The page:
A new airstrip located across the Million Dollar Bridge from Childs Glacier campground is seen from Troy Tirrell’s Super Cub airplane on Sunday, July 23, 2023. Photo by Kinsey Brown for The Cordova Times

A new airstrip in the Chugach National Forest is increasing access to Childs Glacier and beyond.

Bush planes are now able to land on the far side of the Million Dollar Bridge to access the trails and infrastructure in that area, a new addition that may hold benefits for a variety of user groups including the US Forest Service (USFS), Alaska Department of Fish and Game (ADFG), Chugach Corporation, and various independent outfitters and recreators.

The Childs Glacier site features a campground area and group covered space operated by the USFS. Prior to the road washout at 36 mile bridge on the Copper River highway in 2011, the site was popular with locals and tourists wanting a unique wilderness experience.

A commercial air taxi lands on the new airstrip near Childs Glacier on Sunday, July 23, 2023. Photo by Kinsey Brown

Dave Zastrow, USFS Cordova district recreation staff officer, says that the experience of being so close to a calving glacier made the site one of the most popular in Alaska.

“We were getting 7,000 to 9,000 visitors there a year … It was very much a go-to place,” Zastrow said.

After the road washout, several boat operators were still able to ferry visitors across to the other side of the highway, but additional road damage at mile 41 some years later caused most operations to cease. Zastrow says with the possibility of road access never being restored, USFS officials are pivoting their approach to Childs Glacier to manage it as a more remote experience. 


In addition to being a uniquely beautiful destination, the area holds historical and ecological importance. Million Dollar Bridge is an iconic lasting piece of the Copper River and Northwestern Railway, and was added to the National Register of Historic Places in 2000.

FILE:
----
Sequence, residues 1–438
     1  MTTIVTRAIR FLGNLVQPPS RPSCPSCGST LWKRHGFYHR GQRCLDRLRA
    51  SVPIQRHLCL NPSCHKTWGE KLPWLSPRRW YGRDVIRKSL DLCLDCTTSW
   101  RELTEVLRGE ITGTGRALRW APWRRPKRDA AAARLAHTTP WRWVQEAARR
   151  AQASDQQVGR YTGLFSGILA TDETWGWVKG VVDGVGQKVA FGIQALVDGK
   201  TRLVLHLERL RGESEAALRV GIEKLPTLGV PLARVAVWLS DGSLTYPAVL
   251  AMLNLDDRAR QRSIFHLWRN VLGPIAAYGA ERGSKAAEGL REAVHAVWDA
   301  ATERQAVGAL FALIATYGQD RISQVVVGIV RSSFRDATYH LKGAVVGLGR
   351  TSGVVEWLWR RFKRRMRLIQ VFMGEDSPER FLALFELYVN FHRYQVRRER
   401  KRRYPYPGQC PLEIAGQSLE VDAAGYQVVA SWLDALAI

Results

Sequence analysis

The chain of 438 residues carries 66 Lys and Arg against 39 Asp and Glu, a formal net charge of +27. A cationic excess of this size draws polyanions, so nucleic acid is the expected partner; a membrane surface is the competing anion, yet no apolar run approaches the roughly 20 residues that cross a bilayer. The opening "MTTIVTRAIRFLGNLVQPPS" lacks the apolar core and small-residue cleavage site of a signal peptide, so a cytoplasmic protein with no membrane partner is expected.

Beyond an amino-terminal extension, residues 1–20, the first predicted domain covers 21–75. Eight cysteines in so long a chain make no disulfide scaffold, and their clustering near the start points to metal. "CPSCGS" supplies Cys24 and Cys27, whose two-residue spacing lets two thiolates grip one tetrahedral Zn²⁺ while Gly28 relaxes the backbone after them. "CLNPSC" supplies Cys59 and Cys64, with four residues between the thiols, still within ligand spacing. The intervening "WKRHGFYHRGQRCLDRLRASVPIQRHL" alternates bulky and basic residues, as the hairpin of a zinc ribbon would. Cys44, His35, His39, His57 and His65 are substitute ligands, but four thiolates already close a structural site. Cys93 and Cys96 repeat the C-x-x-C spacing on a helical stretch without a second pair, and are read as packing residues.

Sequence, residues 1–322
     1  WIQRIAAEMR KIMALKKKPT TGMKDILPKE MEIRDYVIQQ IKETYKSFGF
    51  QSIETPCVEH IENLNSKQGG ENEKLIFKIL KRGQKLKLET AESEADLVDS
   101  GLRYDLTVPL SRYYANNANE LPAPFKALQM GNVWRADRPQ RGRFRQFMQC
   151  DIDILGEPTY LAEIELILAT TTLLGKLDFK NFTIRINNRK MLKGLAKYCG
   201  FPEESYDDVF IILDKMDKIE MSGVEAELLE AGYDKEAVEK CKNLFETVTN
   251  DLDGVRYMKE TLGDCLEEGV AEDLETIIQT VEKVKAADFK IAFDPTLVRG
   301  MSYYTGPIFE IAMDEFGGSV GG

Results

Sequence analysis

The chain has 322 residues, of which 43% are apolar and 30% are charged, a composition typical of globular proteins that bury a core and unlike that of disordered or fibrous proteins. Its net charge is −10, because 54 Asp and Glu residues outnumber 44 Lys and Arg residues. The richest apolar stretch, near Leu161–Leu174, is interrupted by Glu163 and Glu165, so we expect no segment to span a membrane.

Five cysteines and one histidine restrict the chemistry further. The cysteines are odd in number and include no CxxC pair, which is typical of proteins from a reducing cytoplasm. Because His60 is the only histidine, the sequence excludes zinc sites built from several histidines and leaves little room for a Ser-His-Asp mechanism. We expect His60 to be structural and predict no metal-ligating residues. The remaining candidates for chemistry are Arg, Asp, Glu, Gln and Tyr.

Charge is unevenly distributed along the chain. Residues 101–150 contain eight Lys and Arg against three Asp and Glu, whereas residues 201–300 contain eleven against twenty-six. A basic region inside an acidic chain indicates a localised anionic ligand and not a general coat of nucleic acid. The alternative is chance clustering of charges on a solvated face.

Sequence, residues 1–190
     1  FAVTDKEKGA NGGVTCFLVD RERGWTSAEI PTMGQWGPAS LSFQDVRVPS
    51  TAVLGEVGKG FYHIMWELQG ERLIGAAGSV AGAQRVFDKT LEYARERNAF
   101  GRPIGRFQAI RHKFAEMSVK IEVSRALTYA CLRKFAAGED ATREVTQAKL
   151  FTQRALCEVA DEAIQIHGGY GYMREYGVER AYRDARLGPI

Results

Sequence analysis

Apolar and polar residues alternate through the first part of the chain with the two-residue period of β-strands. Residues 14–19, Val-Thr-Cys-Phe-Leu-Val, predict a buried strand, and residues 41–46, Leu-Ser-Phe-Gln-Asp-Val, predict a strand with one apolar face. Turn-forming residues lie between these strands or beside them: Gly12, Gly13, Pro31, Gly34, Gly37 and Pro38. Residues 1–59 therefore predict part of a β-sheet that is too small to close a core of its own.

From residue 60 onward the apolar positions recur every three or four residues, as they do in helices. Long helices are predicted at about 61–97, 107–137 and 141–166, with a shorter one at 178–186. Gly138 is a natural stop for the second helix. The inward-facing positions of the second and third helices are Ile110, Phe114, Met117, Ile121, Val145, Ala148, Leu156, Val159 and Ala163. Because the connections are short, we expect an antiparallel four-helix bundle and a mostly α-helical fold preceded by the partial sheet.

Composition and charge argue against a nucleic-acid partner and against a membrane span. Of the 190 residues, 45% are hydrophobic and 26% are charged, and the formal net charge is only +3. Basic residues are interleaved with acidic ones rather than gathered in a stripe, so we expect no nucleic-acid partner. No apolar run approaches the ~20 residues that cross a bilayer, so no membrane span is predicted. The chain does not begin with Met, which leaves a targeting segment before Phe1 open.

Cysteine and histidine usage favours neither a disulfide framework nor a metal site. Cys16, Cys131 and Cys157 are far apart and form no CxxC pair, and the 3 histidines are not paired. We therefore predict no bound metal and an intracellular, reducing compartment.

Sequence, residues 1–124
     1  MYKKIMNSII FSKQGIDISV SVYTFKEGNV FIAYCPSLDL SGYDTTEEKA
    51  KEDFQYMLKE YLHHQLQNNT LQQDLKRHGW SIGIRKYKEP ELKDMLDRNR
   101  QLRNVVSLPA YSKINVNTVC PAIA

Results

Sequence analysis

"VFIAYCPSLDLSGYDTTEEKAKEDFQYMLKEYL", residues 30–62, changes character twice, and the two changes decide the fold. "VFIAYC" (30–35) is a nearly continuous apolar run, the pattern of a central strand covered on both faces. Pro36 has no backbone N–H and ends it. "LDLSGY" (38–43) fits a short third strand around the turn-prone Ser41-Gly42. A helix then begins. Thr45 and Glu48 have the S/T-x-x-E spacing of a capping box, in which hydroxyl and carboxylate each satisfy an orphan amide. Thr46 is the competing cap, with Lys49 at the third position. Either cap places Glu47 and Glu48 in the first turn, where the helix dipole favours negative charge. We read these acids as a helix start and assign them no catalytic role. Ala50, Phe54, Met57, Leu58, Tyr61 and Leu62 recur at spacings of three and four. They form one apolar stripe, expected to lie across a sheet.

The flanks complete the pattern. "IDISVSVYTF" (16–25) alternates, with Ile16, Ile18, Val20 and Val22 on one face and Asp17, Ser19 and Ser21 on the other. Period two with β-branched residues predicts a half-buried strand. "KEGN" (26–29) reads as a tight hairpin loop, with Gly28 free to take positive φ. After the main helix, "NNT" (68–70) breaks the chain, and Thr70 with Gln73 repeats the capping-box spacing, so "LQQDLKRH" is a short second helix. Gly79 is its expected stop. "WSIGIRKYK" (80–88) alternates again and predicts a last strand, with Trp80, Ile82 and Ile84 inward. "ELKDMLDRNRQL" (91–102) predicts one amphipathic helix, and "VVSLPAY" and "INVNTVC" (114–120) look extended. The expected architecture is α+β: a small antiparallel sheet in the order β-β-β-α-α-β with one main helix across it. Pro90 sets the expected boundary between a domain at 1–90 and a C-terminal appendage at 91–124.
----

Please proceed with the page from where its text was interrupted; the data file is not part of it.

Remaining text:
Troy Tirrell and Steve Richards walk along the airstrip near Childs Glacier on Sunday, July 23, 2023. Tirrell says discussions with fellow pilots like Richards have been instrumental in helping develop the airstrip’s design. Photo by Kinsey Brown

Further, the location is home to the ADFG Miles Lake sonar site, a critical point of entry for wild salmon entering the Copper River system. A crew of four technicians operates the site each summer to count fish passage in order to determine sustainability levels for the commercial and subsistence fisheries. Without road access, the crews and other visitors have had to rely on difficult boat crossings and sometimes cost prohibitive helicopter transport to access the site.

Troy Tirrell, a local retired commercial fisherman and recreational pilot, has been instrumental in building an airstrip that could be reliably used for the multiple users of the area. Tirrell has been acting as a volunteer coordinator for the effort on behalf of the Recreational Aviation Foundation (RAF), a nonprofit whose mission is to improve and create recreational air access throughout the nation. He says RAF had identified the site as a desirable place to create a remote air strip due to its location as a jumping off point to the interior of the pristine Wrangell Mountains.